r( i + k )
= p( r ) . G( a, b, d + m ) + q( r ) . G( a, b, d + m + 1 )
r( m + k - 1 ) . ( r2 - r - 1 )2
i = m 


and an alternate form based on G( a, b, m - 1 ) instead of G( a, b, m + 1 ) which is:

inf 
i . G( a, b, i + d )

r( i + k )
= p( r ) . G( a, b, d + m ) + q( r ) . G( a, b, d + m - 1 )
r( m + k - 1 ) . ( r2 - r - 1 )2
i = m 


with p( r ) and q( r ) being functions of r producing the observed integers in the numerical analysis.I substituted in ascending values of m and r and then had the computer do the search for combinations of integer values for p( r ) and q( r ) that satisfied the known value for the summation (calculated numerically). The results revealed a pattern dependent on r and were, in part, as follows:

r = 2: [ 1 * 1 * m + 3 ] * F( m ) + [ 1 * m + ( 5 - 0 ) ] * F( m + 1 )
r = 3: [ 5 * 2 * m + 5 ] * F( m ) + [ 5 * m + ( 11 - 1 ) ] * F( m + 1 )
r = 4: [ 11 * 3 * m + 7 ] * F( m ) + [ 11 * m + ( 19 - 2 ) ] * F( m + 1 )
r = 5: [ 19 * 4 * m + 9 ] * F( m ) + [ 19 * m + ( 29 - 3 ) ] * F( m + 1 )


with the series 1, 5, 11, and 19 appearing as results of ( r2 - r - 1 ) being applied to the r-values of 2, 3, 4, and 5. The final formula followed soon after with random testing after that for non-integer values (+/-) for a, b, m and r. The final form of the solution turns out to be:

inf 
i . G( a, b, i )

ri
= p( r ) . G( a, b, m ) + q( r ) . G( a, b, m + 1 )
r( m - 1 ) . ( r2 - r - 1 )2
i = m 
with
p( r ) = m r3 - 2 m r2 + 2 r + m - 1
and
q( r ) = ( m + 1 ) r2 - m r - m + 1


with the alternate solution, based on G( a, b, m - 1 ) instead of G( a, b, m + 1 ), being as follows:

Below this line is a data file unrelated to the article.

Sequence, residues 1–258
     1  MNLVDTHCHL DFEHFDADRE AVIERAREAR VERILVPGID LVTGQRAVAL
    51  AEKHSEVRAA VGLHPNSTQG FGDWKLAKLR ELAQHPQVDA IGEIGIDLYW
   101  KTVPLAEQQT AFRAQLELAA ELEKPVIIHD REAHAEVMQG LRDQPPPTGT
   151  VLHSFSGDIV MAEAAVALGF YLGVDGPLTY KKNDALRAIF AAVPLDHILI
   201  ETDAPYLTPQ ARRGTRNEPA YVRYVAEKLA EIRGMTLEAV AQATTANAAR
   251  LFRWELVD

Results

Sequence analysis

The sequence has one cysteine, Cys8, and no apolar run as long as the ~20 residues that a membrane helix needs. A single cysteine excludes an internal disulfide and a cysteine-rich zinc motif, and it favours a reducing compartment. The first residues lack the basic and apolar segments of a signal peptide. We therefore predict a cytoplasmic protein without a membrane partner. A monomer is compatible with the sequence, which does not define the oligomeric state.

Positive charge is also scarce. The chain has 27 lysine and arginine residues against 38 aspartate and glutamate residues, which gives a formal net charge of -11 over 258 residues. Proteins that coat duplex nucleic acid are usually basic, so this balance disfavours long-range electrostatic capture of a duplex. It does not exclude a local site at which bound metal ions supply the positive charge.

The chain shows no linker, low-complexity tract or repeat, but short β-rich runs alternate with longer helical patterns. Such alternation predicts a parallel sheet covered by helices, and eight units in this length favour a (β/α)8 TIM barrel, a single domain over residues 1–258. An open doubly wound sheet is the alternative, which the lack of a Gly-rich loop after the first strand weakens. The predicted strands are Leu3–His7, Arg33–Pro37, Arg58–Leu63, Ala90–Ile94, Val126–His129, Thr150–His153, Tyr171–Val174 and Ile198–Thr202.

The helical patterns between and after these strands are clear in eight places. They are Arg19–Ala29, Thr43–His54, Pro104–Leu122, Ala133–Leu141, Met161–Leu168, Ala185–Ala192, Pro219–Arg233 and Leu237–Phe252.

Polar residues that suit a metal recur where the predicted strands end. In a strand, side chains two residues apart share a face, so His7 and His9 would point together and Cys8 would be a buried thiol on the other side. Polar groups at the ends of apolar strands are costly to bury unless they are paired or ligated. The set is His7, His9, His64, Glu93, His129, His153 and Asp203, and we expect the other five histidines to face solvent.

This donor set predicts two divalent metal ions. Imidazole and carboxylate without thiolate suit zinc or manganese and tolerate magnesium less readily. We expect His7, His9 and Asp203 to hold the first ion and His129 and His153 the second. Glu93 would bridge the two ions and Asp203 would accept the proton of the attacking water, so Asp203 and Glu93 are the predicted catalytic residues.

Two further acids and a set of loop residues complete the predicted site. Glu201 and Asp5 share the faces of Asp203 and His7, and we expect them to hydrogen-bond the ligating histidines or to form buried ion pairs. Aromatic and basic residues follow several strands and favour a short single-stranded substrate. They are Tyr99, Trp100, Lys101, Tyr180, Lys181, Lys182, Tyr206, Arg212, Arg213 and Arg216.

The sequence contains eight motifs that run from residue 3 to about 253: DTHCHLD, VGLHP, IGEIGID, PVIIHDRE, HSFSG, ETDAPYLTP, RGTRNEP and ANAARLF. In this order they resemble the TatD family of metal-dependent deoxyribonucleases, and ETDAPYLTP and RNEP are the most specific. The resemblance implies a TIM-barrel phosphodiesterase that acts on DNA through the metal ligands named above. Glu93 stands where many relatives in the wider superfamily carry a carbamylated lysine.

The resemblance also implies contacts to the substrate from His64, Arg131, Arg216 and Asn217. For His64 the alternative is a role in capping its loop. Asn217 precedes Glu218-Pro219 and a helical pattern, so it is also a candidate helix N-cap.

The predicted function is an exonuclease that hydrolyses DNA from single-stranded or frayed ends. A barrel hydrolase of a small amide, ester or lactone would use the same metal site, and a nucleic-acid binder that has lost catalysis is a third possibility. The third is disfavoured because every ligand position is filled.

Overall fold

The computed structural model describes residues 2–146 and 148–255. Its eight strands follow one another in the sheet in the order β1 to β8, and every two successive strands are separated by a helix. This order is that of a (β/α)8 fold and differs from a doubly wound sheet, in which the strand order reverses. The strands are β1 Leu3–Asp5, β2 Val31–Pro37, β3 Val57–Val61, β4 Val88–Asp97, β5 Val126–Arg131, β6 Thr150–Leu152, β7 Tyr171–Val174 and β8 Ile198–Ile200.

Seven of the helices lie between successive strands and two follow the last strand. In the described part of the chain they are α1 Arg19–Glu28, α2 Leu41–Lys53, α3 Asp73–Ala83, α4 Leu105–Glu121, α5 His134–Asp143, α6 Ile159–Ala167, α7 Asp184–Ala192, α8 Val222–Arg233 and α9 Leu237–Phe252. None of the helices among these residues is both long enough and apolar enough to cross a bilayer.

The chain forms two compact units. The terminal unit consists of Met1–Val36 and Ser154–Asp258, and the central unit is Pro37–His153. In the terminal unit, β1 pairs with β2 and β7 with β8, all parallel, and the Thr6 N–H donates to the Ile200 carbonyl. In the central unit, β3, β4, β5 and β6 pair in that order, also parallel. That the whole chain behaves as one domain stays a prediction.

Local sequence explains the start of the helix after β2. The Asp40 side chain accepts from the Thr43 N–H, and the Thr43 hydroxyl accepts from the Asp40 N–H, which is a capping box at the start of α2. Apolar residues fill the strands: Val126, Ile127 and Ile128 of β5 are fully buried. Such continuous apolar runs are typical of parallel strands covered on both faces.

inf 
i . G( a, b, i )

ri
= p( r ) . G( a, b, m ) + q( r ) . G( a, b, m - 1 )
r( m - 1 ) . ( r2 - r - 1 )2
i = m 
with
p( r ) = m r3 + ( 1 - m ) r2 + ( 2 - m ) r
and
q( r ) = ( m + 1 ) r2 - m r - m + 1


and the obvious extended form given earlier remains with p( r ) and q( r ) unchanged:

inf 
i . G( a, b, i + d )

r( i + k )
= p( r ) . G( a, b, d + m ) + q( r ) . G( a, b, d + m - 1 )
r( m + k - 1 ) . ( r2 - r - 1 )2
i = m 
with
p( r ) = m r3 + ( 1 - m ) r2 + ( 2 - m ) r
and
q( r ) = ( m + 1 ) r2 - m r - m + 1


This form of the solution is preferred though it does not generalize well for solutions of summations where the factor i in the numerator is raised to a power k. This form of the solution to the summation would have the general form:

inf 
ik . G( a, b, i )

ri
= p( r ) . G( a, b, m ) + q( r ) . G( a, b, m - 1 )
r( m - 1 ) . ( r2 - r - 1 )k+1
i = m 


with p(r) and q(r) being polynomials of increasing order with k. As an example, for the specific case of k=2, the solution is:

inf 
i2 . G( a, b, i )

ri
= p( r ) . G( a, b, m ) + q( r ) . G( a, b, m - 1 )
r( m - 1 ) . ( r2 - r - 1 )3
i = m 
with
p( r ) = m2r5 + ( -2m2 + 2m + 1 )r4 + ( -m2 + 2m + 5 )r3 +
( 2m2 - 6m + 3 )r2 + ( 2 - m )2 r
and
q( r ) = ( m + 1 )2r4 + ( -2m2 - 2m + 1 )r3 + ( 6 - m2 )r2 +
( 2m2 - 2m - 1 )r + ( m - 1 )2


To anyone who has ever attempted polynomial approximations to recursive sequences, these polynomials should look very familiar. As we increase the k in the numerator's ik factor, the polynomials quickly grow in size until the solution polynomials for even moderate values of k fill an entire sheet by themselves. The polynomials do exhibit a pattern however, and this pattern suggests a general solution involving recursive sequences of an unusual variety.

This document is in progress...


URL: http://members.bex.net/jtcullen515/math3.htm
© 2004 - 2006: Jim Cullen - all rights reserved.
Last Update: September 08, 2009.